First molecular evidence of Babesia caballi and Theileria equi infections in horses in Cuba
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Equine piroplasmosis is a disease of Equidae, including horses, donkeys, mules, and zebras, caused by either Theileria equi or Babesia caballi. This disease represents a serious problem for the horse industry and its control is critical for the international trade of horses. The objective of the present study was to detect B. caballi and T. equi infections in horses reared in western Cuba. Blood samples from 100 horses were tested for the presence of piroplasms by using Giemsa-stained blood smears and nested PCR (nPCR) assays targeting merozoite antigen genes of B. caballi (bc48) and T. equi (ema-1). All animals were inspected for the detection of tick infestation and tick specimens were collected for species identification. Erythrocyte inclusions were observed in 13 (13%) of the analyzed samples. nPCR analysis showed that 25 (25%) samples were positive for B. caballi, 73 (73%) for T. equi, and 20 (20%) showed dual infections. Only one tick species was found infesting horses, Dermacentor nitens. In addition, three nearly full-length sequences of T. equi 18S rRNA gene were obtained and subjected to phylogenetic analyses. This study reports a high prevalence of T. equi and B. caballi single and coinfections in horses in western Cuba. Molecular analysis of the 18S rRNA gene of T. equi suggested that different genotypes of this hemoparasite circulate in Cuba. To the best of our knowledge, this is the first report describing the molecular detection of B. caballi and T. equi in horses in Cuba.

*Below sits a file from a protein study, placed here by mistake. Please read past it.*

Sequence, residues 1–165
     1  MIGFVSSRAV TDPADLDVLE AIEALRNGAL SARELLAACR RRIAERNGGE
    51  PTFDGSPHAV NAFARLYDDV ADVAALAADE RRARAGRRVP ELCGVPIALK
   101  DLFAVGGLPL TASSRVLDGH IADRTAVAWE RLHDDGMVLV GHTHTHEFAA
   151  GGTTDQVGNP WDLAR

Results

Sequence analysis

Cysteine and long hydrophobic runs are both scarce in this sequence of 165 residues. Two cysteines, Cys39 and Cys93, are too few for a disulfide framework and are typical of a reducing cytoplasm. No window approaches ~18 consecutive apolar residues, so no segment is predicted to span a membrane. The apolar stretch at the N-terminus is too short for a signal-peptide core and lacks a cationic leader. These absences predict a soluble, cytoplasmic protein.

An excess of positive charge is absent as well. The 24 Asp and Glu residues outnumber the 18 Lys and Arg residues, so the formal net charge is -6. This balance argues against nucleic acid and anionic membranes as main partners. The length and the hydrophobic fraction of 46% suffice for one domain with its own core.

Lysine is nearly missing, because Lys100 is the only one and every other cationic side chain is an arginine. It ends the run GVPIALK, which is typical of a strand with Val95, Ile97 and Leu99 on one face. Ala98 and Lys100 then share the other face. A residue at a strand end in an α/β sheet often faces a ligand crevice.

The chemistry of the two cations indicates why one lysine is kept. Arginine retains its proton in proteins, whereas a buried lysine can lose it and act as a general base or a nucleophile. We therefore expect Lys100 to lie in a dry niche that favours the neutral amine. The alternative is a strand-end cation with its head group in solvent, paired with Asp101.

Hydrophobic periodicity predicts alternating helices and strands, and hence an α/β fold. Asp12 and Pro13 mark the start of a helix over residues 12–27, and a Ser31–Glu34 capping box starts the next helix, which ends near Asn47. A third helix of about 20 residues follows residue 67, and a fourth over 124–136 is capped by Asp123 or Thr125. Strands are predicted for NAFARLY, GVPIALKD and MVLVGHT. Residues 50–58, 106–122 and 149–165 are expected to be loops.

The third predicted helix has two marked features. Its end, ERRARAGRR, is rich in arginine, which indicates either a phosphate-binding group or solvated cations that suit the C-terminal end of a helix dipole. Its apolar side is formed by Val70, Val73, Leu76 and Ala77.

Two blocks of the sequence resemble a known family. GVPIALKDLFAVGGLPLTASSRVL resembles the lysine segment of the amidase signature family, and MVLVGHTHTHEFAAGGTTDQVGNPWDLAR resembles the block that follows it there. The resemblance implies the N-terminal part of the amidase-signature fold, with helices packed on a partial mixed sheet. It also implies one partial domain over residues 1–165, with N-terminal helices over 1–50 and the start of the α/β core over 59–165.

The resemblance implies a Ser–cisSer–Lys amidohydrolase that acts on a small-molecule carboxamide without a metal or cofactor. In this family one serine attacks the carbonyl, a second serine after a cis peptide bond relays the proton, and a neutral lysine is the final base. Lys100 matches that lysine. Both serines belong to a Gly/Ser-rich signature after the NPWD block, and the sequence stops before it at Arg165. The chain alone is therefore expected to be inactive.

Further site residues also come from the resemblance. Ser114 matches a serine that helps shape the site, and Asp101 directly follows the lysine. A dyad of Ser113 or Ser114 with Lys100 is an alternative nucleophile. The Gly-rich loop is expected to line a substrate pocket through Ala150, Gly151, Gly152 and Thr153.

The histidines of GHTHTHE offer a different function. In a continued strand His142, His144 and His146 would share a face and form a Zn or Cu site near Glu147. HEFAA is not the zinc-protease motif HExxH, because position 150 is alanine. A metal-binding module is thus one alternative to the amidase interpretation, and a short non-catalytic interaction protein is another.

KeywordsEquine piroplasmosis Babesia caballi Theileria equi nPCR 18S rRNA
The authors would like to thank Dr. MVZ Osvaldo Fonseca Rodríguez for his kindness in preparing the map included in this study, as well as Nelson Albelo Chávez and Eleuterio Hernández Hernández for their technical assistance, and Dr. nat. sc. Marina L. Meli at University of Zurich (UZH) for her very helpful comments on the manuscript.
This research did not receive any specific grant from funding agencies in the public, commercial, or not-for-profit sectors.
Compliance with ethical standards
Conflict of interests
The authors declare that they have no conflict of interest.
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